Chris Harshman and the Award-Winning SWHS Jazz Band: ‘It’s All about our Community’

Posted in Feature, More Stories, Music

BY CAROLYN TAMLERSidebar-H.S.JazzBand-smallr
Whidbey Life Magazine Contributor
May 20, 2014

In 2008, schools in the Seattle Area accounted for five of the 15 finalists in the Essentially Ellington High School Jazz Competition—the most prestigious high school jazz festival in the world. The South Whidbey High School Jazz Band was one of the five.

That’s only one of the many distinctions the SWHS Jazz Band has achieved in recent years. They have been winning First Place in their division at the Lionel Hampton Jazz Festival for 15 years. In 2009 they were finalists in the Monterey Next Generation Jazz Festival. The Wind Ensemble just received a Gold Award at the Vancouver Kiwanis Music Festival in British Columbia, qualifying them for the Canadian National Music Championship.

In addition, the Jazz Ensemble has been featured on the KPLU School of Jazz CD four times.

Someone at one of the East Coast festivals once asked Director Chris Harshman, “Is there something in the water out there?”

So, what makes the South Whidbey High School Jazz Band Program so exceptional?

SWHS Jazz Ensemble (photo by Robin Bush)

SWHS Jazz Ensemble (photo by Robin Bush)

“It’s great family support and great community support. The support comes in the form of the energy provided, the financial support and the attendance at our performances,” Harshman said. “Every time I make a move to improve the Jazz Band, the whole community seems to move to support what I’m doing.”

There are currently 21 students in the Jazz Ensemble and 44 in the Concert Band, which includes most of the jazz students. They rehearse four days a week during school and often before school as well. Harshman said that many students not only practice on a regular basis but also study recordings and attend live performances. “These kids are highly committed to the program and continue to participate in many other extracurricular activities for the school and the community.”

Harshman also attributes some of their success to their unique style. “During the 1970s, many high-school jazz bands added a rock or Latin feel to their swing feeling,” he said, “but most Northwest bands stuck to the traditional way of Basie and Ellington. That feeling is highly prized by Wynton Marsalis, the artistic director of Jazz at Lincoln Center, which sponsors Essentially Ellington. This rootedness of traditional swing in Seattle area high-school jazz bands goes a long way toward explaining why kids in this area have been so successful at Essentially Ellington.”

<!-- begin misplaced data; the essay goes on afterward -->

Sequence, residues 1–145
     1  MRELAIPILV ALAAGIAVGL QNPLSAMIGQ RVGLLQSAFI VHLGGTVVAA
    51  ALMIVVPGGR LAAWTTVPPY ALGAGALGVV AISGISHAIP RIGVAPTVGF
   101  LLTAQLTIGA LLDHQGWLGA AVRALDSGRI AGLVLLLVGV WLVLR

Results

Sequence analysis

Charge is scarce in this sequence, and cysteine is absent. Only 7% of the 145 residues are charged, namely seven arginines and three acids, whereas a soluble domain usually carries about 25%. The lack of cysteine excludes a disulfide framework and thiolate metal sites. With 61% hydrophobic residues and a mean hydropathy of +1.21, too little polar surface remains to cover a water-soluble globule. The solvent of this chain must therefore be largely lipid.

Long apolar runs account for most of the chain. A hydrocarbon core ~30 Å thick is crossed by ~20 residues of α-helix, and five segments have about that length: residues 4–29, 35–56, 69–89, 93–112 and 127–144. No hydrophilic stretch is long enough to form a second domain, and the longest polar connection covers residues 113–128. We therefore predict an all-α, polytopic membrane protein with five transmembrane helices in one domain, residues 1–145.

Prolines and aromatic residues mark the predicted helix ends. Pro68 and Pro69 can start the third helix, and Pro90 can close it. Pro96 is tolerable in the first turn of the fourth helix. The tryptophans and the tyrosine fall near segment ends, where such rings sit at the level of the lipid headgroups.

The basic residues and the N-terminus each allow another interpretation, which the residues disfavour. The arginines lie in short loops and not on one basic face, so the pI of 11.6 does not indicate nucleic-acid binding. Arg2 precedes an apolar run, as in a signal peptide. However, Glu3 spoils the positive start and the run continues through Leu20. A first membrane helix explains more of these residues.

Chris Harshman has been involved with music since he was a small child. He came from a family of musicians; his mother and both of his brothers are professionals. He said, “In our household, we were raised with the value of music and athletics.” He started out playing jazz saxophone but found himself drawn to the bassoon, which has been his primary focus for most of his musical career.

Harshman taught in several Puget Sound area schools and lived in the Shoreline area for many years. In 1997, he and his wife Dyanne, also a musician, moved to Whidbey Island so their two sons could attend the Waldorf School. Harshman commuted to work in Shoreline for three years; then the job of Langley Middle School Jazz Band teacher opened up, and he got the position. The LMS Jazz Band already had an “exemplary reputation” when Harshman took over as the Director.

Heidi Klein on Alto Sax, Conor Workman on Tenor sax  (photo by Robin Bush)

Heidi Klein on Alto Sax, Conor Workman on Tenor sax (photo by Robin Bush)

In 2006, the job of Director of the High School Jazz Band became available and Harshman took on that role. He realized that the Middle School Band provides the talent that moves up to perform at the high school and was pleased that Jess Foley (now Monett) took his job, where she continues to groom the talented youngsters who move on. “I’ve had such fantastic talent in my classes,” Harshman said, “and many are now performing professionally.”

He came back to the original comments about the support of the community: “The community and the Band work together. Adult musicians invite the kids to play with them and many of the groups on the island tap into our resources, including the Whidbey Community Orchestra, the Saratoga Orchestra and many of the churches. There are lots of opportunities for the kids to shine.

“Music crosses so many barriers,” Harshman continued. “There is so much for each generation to learn from the other.” He concluded, “I enjoy watching all of this happening.”

Upcoming performances by the South Whidbey High School Jazz Band:

  • May 23 All Island Jazz Festival at SWHS, 7 p.m.
  • May 30 Jazz Night – Jazz ensemble performs at SWHS, 7 p.m. Free admission.

On May 27, the Concert Bands of both the High School and Langley Middle School will perform at the High School auditorium at 7 p.m. Free admission.

Photo at top: Chris Harshman directing the SWHS Wind Ensemble  (photo by Robin Bush)

Carolyn Tamler was a marketing research and community involvement consultant in the Seattle Area for many years before moving to Whidbey Island, where she has become known as a writer who enjoys telling the stories about the many businesses and entrepreneurs on the island.

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